Blog comment hosting service commended for quick actions over data breach
Disqus, the market-leading blog comment hosting service, has been hit by a security breach thought to have exposed the data of more than 17 million users.
The company, which offers a range of add-on tools that help websites increase visitor engagement, said last week that a snapshot of its user database from 2012 was exposed.
This included email addresses, Disqus user names, sign-up dates, and last login dates in plain text for 17.5 million users.
Additionally, passwords – hashed using SHA1 with a salt – for about one-third of users were also compromised.
While the breach raises serious questions over Disqus’ data management protocols, cybersecurity experts praised the San Francisco-based company’s rapid response in alerting users to the situation.
After finding out about the breach on October 5, it took the Silicon Valley firm less than 24 hours to make its findings public.
“While we are still investigating the incident, we believe that it is best to share what we know now,” Disqus said in a blog post.----------------------------------------
Timeline of events
- Thursday, October 5, 2017 at 4:18 PM PDT. Disqus informed of breach by independent security researcher.
- Thursday, October 5, 2017 at 4:56PM PDT. Company obtains and verifies exposed data.
- Friday, October 6, 2017. Disqus starts contacting users and resetting affected passwords.
- Friday, October 6, 2017, before 4:00PM PDT. Public disclosure of breach
In addition to the customer emails and update on the group’s website, Disqus changed its Twitter title tag to alert users of the breach:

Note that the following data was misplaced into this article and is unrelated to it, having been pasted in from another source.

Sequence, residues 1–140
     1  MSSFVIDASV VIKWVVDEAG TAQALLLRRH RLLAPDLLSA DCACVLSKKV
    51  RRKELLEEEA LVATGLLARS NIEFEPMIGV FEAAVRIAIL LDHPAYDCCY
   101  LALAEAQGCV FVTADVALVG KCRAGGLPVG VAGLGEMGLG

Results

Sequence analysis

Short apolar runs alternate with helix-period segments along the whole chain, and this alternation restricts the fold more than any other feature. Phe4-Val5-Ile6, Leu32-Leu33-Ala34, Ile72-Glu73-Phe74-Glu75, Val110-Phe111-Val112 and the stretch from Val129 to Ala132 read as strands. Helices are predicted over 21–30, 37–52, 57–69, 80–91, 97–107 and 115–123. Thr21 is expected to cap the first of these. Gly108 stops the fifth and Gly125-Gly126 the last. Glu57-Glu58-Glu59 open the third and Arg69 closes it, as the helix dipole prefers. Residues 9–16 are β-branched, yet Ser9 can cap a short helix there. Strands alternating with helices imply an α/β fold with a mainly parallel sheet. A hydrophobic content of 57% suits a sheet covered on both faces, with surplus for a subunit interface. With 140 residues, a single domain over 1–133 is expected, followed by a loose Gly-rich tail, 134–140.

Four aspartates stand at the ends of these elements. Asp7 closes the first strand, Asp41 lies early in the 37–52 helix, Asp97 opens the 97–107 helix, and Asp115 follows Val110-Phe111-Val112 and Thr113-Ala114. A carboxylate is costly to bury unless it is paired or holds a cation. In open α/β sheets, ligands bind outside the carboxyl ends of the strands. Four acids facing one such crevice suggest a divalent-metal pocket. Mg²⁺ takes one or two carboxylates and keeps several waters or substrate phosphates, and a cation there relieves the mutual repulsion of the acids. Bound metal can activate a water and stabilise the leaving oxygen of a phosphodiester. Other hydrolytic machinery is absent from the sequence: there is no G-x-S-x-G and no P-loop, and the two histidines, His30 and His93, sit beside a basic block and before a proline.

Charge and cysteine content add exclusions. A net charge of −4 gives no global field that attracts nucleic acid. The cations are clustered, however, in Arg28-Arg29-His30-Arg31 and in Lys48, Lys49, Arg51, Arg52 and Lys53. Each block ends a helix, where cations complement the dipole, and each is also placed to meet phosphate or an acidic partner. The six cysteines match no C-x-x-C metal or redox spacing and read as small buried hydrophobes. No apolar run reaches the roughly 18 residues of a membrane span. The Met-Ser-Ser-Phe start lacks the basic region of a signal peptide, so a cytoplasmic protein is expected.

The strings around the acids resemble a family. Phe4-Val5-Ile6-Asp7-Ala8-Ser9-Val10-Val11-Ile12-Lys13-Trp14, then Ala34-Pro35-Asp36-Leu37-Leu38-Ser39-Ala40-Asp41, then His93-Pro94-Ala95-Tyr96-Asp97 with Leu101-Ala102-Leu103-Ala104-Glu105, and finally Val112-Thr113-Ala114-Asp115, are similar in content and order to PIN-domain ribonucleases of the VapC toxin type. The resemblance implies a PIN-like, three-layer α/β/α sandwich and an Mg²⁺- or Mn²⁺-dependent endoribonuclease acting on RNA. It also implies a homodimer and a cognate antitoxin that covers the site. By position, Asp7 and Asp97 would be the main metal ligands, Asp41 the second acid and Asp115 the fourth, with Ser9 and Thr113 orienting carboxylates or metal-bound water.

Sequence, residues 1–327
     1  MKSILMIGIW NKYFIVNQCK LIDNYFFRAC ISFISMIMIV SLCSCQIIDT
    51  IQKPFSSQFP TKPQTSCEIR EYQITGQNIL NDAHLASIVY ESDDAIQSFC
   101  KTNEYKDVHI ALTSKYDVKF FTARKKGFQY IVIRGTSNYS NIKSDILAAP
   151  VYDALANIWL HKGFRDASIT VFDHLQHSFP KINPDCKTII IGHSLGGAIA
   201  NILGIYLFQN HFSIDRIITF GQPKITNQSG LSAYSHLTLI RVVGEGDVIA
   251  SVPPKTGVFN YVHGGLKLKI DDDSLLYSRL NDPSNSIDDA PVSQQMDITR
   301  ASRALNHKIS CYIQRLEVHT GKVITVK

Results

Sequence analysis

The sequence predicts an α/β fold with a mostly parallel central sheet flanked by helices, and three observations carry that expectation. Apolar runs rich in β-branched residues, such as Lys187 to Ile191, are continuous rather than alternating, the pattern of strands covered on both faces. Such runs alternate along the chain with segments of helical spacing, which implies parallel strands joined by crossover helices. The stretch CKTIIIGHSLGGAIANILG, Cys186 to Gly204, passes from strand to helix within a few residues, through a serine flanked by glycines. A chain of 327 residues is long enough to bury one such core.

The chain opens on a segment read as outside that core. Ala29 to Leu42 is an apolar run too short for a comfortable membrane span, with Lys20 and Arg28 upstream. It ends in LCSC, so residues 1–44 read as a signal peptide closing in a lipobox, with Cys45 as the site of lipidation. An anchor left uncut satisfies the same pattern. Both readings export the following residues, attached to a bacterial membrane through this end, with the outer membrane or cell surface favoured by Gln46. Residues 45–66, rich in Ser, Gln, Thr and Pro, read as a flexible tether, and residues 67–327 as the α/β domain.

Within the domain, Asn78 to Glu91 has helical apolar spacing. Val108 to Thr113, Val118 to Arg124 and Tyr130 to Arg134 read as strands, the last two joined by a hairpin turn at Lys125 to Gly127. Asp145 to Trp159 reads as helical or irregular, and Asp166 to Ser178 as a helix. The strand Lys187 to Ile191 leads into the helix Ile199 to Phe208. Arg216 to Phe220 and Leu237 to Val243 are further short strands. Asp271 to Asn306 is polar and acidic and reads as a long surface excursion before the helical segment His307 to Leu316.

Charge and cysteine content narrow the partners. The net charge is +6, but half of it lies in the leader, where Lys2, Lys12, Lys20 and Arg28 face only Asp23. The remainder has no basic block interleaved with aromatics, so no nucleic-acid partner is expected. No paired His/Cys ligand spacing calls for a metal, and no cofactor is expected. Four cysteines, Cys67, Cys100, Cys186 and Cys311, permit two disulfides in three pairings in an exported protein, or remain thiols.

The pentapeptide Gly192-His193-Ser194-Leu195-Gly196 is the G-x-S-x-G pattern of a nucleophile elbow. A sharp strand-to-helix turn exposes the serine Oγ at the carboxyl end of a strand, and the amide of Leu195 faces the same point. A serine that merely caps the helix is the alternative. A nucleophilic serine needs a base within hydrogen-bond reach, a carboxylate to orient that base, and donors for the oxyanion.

Although the Disqus said it had made “significant upgrades” to its database and encryption since 2012, the company has forced the reset of passwords for all affected users as a “precautionary measure”.
The independent security researcher who informed Disqus of the breach was Troy Hunt, owner of the Have I Been Pwned website, which allows internet users to check if their personal data has been compromised.
Discussing the company’s quick response to its knowledge of the breach, Hunt said: “We all jumped on ‘the Equifax dumpster fire bandwagon’ recently and pointed to all the things that went fundamentally wrong with their disclosure process.
“But it’s equally important that we acknowledge exemplary handling of data breaches when they occur because that's behavior that should be encouraged.”
Hunt added: “This was a dark moment for Disqus and there’s no sugar-coating the fact that somehow, somewhere, someone on their end screwed up and they lost control of customer data.
“But look at the public sentiment after their disclosure. Because of the way Disqus handled the situation, it’s resoundingly positive.”